Kidogo's World: Witherspoon's Essay on Money I
Theory of Money
THEORY OF MONEY
Essay on Money I
As a Medium of Commerce;
With Remarks on the Advantages and Disadvantages
of Paper Admitted into General Circulation.
by John Witherspoon
From every channel of public intelligence we learn that there is a disposition, in many of the legislatures of this country, to emit bills of credit by authority of government, and to make them in some measure at least, or in some cases, a legal tender for debts already contracted. This is a matter of great delicacy and danger.
It has occasioned a controversial discussion of the subject in pamphlets and periodicals. A few plausible things have been published in defence of the measure. Many shrewd and sensible things have been offered against it, but even these have not been so satisfying as they might have been. Some of the pieces have been verbose, others have been full of witticisms which have no great tendency to convince, and some have been mingled with party politics of various states. Perhaps these different ways of writing may be very proper for several classes of readers, and have a good effect; but there are certainly others who would require a different treatment, because their mistakes are owing not to deceitful intentions, but to erroneous judgment.
This has given me a strong desire to try what can be done with the subject by dispassionate reasoning. By this I mean, trying to carry the matter back to its first principles, to explain them in so simple a manner, that the unlearned may understand them; and then deduce the practical consequences with the general theory full in view.
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What gave rise to money, its nature and use -- Barter
It is impossible to reach my purpose, without saying many things which have been well said by others; but this must be forgiven me; because I mean to lay the whole system before the reader, and every part in its proper order and connection. Let us then begin by considering what gave rise to money, and what is its nature and use?
If there were but one man in the earth, he would be obliged to prepare a hut for his habitation, to dig roots for his sustenance, to provide skins or fig-leaves for his covering, etc. In short, to do every thing for himself. If but one or two more joined with him, it would soon be found that one of them would be more skillful in one sort of work, and another in a different; so that common interest would direct them, each to apply his industry to what he could do best; to communicate the surplus of what he needed himself of that sort of work to the others, and to receive of their surplus in return.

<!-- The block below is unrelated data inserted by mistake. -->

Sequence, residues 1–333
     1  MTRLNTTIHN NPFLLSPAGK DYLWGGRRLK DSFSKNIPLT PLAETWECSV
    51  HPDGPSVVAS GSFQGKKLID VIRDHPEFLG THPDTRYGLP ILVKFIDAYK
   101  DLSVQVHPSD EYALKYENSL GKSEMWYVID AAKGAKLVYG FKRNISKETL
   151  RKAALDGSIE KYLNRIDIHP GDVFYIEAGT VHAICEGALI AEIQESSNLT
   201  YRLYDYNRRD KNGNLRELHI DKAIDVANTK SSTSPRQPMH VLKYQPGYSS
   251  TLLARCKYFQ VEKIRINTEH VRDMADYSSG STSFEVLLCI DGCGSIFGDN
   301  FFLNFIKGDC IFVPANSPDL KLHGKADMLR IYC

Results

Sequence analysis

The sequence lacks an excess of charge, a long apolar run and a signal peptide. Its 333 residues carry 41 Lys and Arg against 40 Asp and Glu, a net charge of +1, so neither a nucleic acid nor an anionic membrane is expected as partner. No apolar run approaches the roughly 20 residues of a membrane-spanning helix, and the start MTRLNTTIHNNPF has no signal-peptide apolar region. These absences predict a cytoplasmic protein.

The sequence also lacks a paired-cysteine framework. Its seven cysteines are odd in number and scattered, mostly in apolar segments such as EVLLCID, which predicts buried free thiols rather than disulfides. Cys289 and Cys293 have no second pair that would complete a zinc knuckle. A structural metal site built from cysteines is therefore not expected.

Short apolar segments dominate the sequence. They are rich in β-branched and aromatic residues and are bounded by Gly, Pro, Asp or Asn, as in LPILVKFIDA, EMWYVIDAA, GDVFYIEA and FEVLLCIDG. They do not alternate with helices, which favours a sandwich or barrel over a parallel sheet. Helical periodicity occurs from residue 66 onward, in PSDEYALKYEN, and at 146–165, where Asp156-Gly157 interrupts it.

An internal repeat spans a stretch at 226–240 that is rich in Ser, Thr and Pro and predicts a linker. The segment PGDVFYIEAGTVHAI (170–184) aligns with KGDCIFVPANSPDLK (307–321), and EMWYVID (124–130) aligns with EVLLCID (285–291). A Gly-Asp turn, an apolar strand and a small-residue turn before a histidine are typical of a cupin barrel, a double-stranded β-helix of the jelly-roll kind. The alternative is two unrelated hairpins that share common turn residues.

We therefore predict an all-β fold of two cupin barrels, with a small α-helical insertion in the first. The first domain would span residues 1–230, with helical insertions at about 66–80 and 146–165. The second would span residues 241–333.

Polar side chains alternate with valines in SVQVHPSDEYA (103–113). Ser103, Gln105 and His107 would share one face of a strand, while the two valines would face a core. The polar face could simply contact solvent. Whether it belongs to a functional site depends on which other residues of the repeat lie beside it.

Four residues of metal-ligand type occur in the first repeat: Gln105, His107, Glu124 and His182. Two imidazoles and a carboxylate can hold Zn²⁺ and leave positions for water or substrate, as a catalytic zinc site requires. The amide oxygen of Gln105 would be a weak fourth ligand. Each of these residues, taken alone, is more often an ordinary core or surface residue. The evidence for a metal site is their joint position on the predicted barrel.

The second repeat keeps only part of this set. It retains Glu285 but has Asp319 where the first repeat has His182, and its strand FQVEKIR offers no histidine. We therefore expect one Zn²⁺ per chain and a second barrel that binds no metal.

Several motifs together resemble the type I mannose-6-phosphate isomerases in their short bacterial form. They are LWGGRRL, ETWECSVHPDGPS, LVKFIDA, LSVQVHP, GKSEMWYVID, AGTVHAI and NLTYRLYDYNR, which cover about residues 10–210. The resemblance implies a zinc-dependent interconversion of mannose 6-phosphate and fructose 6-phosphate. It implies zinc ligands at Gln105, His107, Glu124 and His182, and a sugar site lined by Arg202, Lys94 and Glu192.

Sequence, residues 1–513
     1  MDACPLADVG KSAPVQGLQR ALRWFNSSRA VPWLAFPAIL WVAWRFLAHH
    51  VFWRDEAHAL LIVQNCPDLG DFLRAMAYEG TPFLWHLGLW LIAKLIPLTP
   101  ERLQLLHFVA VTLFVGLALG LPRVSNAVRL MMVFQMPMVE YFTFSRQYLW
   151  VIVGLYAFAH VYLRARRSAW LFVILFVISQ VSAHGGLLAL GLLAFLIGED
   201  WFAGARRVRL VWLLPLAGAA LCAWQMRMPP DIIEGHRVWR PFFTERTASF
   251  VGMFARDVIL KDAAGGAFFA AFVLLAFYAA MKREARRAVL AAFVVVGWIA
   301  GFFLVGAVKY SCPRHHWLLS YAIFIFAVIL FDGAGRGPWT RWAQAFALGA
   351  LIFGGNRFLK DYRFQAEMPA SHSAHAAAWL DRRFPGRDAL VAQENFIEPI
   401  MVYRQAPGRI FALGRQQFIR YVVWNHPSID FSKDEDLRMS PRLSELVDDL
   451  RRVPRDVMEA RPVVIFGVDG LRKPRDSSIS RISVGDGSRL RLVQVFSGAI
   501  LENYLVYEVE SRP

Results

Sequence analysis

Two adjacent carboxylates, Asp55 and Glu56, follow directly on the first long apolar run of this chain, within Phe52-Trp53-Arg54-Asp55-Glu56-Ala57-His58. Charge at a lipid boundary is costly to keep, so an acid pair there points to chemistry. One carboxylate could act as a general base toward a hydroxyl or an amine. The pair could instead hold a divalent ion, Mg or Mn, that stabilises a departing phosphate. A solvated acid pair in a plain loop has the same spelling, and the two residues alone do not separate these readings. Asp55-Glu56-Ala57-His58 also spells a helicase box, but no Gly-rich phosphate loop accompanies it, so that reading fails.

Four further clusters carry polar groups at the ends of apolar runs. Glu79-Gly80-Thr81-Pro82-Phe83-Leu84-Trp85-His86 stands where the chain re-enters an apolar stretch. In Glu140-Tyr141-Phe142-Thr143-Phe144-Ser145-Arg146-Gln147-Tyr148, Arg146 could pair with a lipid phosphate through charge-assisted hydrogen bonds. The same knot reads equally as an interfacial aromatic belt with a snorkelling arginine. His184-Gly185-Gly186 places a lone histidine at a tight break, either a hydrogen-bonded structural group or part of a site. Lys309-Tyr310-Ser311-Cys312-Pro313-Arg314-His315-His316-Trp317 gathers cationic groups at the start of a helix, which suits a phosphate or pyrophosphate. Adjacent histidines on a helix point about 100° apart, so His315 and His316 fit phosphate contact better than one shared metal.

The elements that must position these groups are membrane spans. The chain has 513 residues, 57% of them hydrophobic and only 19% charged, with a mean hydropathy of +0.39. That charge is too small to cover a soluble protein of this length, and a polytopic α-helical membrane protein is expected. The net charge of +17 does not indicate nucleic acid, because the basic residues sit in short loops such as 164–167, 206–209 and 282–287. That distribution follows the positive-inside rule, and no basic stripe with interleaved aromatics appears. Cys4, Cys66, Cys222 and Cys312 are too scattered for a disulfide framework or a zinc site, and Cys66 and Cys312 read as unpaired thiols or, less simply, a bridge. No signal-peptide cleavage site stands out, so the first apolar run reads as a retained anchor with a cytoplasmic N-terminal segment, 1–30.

This shows us indeed that barter constitutes the essence of commerce. As society increases, the partition of employment is greatly diversified; but still the fruits of well directed industry, or the things necessary and useful in life, are what can be called wealth.
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First necessity: a standard of computation
In establishing a mutual exchange of useful things, the first thing necessary, is a standard of computation, or common measure, by which to estimate the value of the commodities that may be offered to sale, or may be desired by purchasers. Without this it is easy to see that the barter of commodities is liable to very great difficulties, and very great errors. This standard of common measure must be something that is well known to both parties, and of general or common use.
As the first attempts on any thing are generally rude and imperfect; so I think it appears from the monuments of remote antiquity, that in the early stages of society, cattle were the first things made use of as a standard. (1)
But it would soon appear that this was a most inaccurate measure; because one ox might be as good as two, from size, fatness, or circumstances. therefore in place of this succeeded measures both of dry and liquid, that is, corn, wine, and oil. The first or these was of all others the most proper standard, because universally necessary, and liable to little variation. Men, upon average, would probably eat nearly the same quantity in the most distant ages and countries.
It seems to me that this circumstance of a standard of computation being necessary in commerce, and the first thing necessary, has been in a great measure overlooked by most writers on money, or rather it (money) has been confused with the standard value of the thing, though essentially different from it; and the equivocal use of the terms has occasioned great confusion.
I must however observe, not only that this must necessarily be understood, but that if we confine ourselves to a standard of comparison only, some known commodity, as measured grain, is better, and more intelligible and unalterable than any money whatever, that either has been or will be made. The great alteration in the value of gold and silver is known to every person who has but dipped into history; and indeed is known to many, seen by memory, in this country, since its first settlement.(2)
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Some sign or signs must be agreed upon
But after a standard of computation had been agreed upon, in commerce even of the most moderate extent, something farther would be absolutely necessary. The actual and immediate barter of commodities would in few instances take place. A man might have the thing that I wanted to purchase, but he might not need or desire what I was willing to give for it. Another might want what I had to spare, but not have what I wanted to purchase with it. Besides, bulky or perishable commodities could not be carried about at an uncertainty, or with safety.